By Alan Mattli
There are two moments – or rather, one moment and one motif – in Quentin Tarantino’s latest film that revert back to the more unsavoury aspects of his filmmaking; those instances of glorified machismo that make a movie like 1992’s Reservoir Dogs tough to enjoy with a 2010s sensibility towards racism and misogyny. One involves a scene of homosexual rape that is played for laughs; the other revolves around the impression that the film seems to take an inordinate amount of pleasure in its violence against its one major female character.
Although the former, being a story told by a marked liar with the aim of riling an opponent, may well be a fake, the scene nevertheless casts Tarantino’s stance on both rape and homosexuality in a somewhat dubious light. It certainly is the more disruptive element of the two, as the latter can be read as a warped attempt at postfeminist gender equality, especially since the violence does not seem to be directed at the character as a woman but as a criminal. In short, however, The Hateful Eight is not exactly a beacon of progressivism – but then again, there have been far worse examples in Tarantino’s oeuvre.
That is not to say that one should sweep these problematic parts under the carpet and never talk about them again. On the contrary, they should be discussed, analysed, critiqued, and put in the context of the rest of the Tarantino canon. (One interesting point of reference might be 2012’s Django Unchained with its confused take on which kinds of violence are acceptable and which are not.) But one should note that these are by no means aspects that permeate and drive the film. Indeed, they constitute the occasionally jarring anomalies in the fabric that perhaps keep the end product from being a masterpiece.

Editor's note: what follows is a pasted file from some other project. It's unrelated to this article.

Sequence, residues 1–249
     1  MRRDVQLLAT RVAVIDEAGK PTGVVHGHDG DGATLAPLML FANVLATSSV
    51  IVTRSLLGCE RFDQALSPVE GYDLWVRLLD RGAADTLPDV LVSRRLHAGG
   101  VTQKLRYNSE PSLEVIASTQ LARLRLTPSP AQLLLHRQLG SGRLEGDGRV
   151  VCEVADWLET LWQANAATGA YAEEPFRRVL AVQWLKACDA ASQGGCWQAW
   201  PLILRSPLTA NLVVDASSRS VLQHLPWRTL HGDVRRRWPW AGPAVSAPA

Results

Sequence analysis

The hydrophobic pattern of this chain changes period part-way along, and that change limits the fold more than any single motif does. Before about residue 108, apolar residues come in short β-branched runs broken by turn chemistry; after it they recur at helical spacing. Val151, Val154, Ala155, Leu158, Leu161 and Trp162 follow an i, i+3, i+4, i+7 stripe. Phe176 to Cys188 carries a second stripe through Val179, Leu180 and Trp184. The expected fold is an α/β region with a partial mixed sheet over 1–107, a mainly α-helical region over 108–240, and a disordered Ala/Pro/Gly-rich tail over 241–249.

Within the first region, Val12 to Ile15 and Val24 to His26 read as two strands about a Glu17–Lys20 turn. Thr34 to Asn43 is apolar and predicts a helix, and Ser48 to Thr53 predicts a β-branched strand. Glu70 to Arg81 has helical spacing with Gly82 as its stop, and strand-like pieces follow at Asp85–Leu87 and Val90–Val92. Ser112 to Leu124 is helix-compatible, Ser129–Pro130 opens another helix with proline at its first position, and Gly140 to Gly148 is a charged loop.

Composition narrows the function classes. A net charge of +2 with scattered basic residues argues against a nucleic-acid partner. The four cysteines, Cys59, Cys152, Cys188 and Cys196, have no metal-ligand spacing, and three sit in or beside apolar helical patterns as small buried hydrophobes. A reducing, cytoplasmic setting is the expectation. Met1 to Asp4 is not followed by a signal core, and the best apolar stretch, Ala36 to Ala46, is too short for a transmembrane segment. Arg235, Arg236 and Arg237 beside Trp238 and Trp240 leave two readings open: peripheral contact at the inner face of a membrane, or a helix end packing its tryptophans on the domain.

After mashing up two B movie genres, blaxploitation and the spaghetti western, in Django Unchained, Tarantino semi-returns to the experiment, holding on to a black protagonist and the theme of race relations whilst adhering to a more classic western setting and structure this time around.
Accompanied by the outstanding original music from veteran composer Ennio Morricone (The Good, the Bad and the Ugly, Once Upon a Time in the West), The Hateful Eight opens somewhere in the wilderness of post-Civil War Wyoming. Shortly before a heavy snowstorm, the black bounty hunter Major Marquis Warren (Samuel L. Jackson) chances upon a stagecoach carrying John Ruth (Kurt Russell), another bounty hunter, who has arrested wanted criminal Daisy Domergue (the rightly Oscar-nominated Jennifer Jason Leigh) and is on his way to the next town to see her hang.
However, the weather forces the trio, who pick up the Southern separatist and prospective sheriff Chris Mannix (a brilliant Walton Goggins) along the way, to hole up in a general store in the middle of nowhere. Along with the Mexican store clerk Bob (Demián Bichir), they find themselves elbow-to-elbow with former Confederate general Sanford Smithers (Bruce Dern), cowboy Joe Gage (Michael Madsen), and loquacious Englishman Oswaldo Mobray (Tim Roth in a delightfully wicked comedic turn). As can be expected, it doesn’t take long for tensions to arise.